Flow Control in Wireless Ad-hoc Networks

Thumbnail Image

Publication or External Link






We are interested in maximizing the Transmission Control Protocol (TCP) throughput

between two nodes in a single cell wireless ad-hoc network. For this, we follow a

cross-layer approach by first developing an analytical model that captures the effect

of the wireless channel and the MAC layer to TCP. The analytical model gives the time

evolution of the TCP window size which is described by a stochastic differential equation

driven by a point process. The point process represents the arrival of acknowledgments

sent by the TCP receiver to the sender as part of the self-regulating mechanism of the flow

control protocol. Through this point process we achieve a cross-layer integration between

the physical layer, the MAC layer and TCP. The intervals between successive points describe

how the packet drops at the wireless channel and the delays because of retransmission at

the MAC layer affect the window size at the TCP layer. We fully describe the statistical

behavior of the point process by computing first the p.d.f. for the inter-arrival intervals and

then the compensator and the intensity of the process parametrized by the quantities that describe the MAC layer and the wireless channel.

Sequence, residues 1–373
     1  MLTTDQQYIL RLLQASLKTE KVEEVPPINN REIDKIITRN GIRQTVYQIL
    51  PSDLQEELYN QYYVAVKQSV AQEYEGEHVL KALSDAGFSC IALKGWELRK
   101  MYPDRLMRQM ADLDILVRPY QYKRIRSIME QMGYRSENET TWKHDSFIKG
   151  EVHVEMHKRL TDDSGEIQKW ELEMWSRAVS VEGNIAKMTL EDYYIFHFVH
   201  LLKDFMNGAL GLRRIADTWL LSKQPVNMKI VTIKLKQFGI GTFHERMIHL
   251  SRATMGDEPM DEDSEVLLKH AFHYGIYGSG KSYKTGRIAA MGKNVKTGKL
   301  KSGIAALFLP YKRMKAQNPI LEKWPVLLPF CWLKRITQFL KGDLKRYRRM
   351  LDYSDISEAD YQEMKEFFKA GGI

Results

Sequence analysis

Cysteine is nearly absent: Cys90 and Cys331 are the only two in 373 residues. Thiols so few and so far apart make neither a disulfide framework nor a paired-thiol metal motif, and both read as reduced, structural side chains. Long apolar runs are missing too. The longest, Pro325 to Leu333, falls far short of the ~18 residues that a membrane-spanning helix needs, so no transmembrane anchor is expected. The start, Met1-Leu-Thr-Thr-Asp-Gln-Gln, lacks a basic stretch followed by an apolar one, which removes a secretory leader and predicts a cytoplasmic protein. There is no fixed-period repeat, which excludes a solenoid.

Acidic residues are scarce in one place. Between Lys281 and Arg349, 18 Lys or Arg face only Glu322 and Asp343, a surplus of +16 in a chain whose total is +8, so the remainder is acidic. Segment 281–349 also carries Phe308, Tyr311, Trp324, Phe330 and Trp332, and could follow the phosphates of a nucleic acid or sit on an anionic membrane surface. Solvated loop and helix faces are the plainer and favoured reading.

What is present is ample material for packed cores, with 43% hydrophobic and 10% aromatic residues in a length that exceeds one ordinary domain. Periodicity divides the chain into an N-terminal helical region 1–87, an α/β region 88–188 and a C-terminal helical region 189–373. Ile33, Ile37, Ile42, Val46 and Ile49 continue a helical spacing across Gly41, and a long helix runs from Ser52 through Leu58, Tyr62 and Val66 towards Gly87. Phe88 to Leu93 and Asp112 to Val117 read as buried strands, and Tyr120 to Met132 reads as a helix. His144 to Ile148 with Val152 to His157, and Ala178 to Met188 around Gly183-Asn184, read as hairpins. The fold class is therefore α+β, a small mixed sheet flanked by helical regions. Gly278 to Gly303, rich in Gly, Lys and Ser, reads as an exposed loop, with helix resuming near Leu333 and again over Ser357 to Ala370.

To achieve analytical tractability we concentrate on the pure (unslotted) Aloha for the

MAC layer and the Gilbert-Elliott model for the channel. Although the Aloha protocol

is simpler than the more popular IEEE 802.11 protocol, it still exhibits the same exponential backoff mechanism which is a key factor for the performance of TCP in a wireless network. Moreover, another reason to study the Aloha protocol is that the protocol and its variants

gain popularity as they are used in many of today's wireless networks.

Using the analytical model for the TCP window size evolution, we try to increase the TCP throughput between two nodes in a single cell network. We want to achieve this by

implicitly informing the TCP sender of the network conditions. We impose this additional

constraint so we can achieve compatibility between the standard TCP and the optimized

version. This allows the operation of both protocol stacks in the same network.

We pose the optimization problem as an optimal stopping problem. For each packet

transmitted by the TCP sender to the network, an optimal time instance has to be

computed in the absence of an acknowledgment for this packet. This time instance

indicates when a timeout has to be declared for the packet. In the absence of an acknowledgment, if the sender waits long for declaring a timeout, the network is

underutilized. If the sender declares a timeout soon, it minimizes the transmission

rate. Because of the analytical intractability of the optimal stopping time problem,

we follow a Markov chain approximation method to solve the problem numerically.